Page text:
James A. Rose, of Toledo, Ohio, was with the 42nd (Rainbow) Division.
We were marching to... we were chasing the Germans. It was getting close to the end of the war, and the date was April 29, 1945. A sergeant come up and told us all, "Check your gas masks. We are going into a town that they think has a gas dump that's mined." So when we proceeded to this town, it was Dachau, and part of our division, the 222nd Regiment, had troops in the camp liberating the camp. And the time that we come to the gate of the camp, they opened the compound and I seen thousands of people crowding out that looked like skeletons with skin stretched on them. They were dirty, they smelled, and just one look at them, some of them half dead, something happened that we realized that this war was all about, we know now why we were participating in this war.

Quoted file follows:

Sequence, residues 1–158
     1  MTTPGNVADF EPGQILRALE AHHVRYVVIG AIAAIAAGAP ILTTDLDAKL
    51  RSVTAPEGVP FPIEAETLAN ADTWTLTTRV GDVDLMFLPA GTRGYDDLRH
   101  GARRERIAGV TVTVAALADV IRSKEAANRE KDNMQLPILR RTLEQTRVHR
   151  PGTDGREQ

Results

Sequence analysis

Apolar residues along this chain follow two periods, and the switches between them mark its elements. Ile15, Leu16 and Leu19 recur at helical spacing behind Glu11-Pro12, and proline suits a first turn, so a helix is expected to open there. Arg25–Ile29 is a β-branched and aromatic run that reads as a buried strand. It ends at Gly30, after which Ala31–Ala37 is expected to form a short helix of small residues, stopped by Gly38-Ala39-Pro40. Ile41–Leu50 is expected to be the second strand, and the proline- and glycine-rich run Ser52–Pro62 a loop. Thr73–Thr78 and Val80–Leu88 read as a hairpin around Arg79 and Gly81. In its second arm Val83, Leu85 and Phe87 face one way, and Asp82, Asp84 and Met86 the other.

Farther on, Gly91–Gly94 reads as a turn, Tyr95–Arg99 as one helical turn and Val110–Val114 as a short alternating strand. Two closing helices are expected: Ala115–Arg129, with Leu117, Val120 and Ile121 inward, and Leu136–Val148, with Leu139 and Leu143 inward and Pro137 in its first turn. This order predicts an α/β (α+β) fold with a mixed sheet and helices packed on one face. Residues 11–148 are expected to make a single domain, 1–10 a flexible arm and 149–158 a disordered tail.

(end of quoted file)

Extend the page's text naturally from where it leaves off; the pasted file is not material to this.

What was the context of the Holocaust and World War II at the time of the events described here?
What other source materials might be helpful to provide more historical context for this eyewitness testimony? What aspects of the history might these other source materials help reveal?
How can personal testimonies and oral histories provide insights into the challenges Allied forces faced when encountering and documenting the evidence of atrocities?
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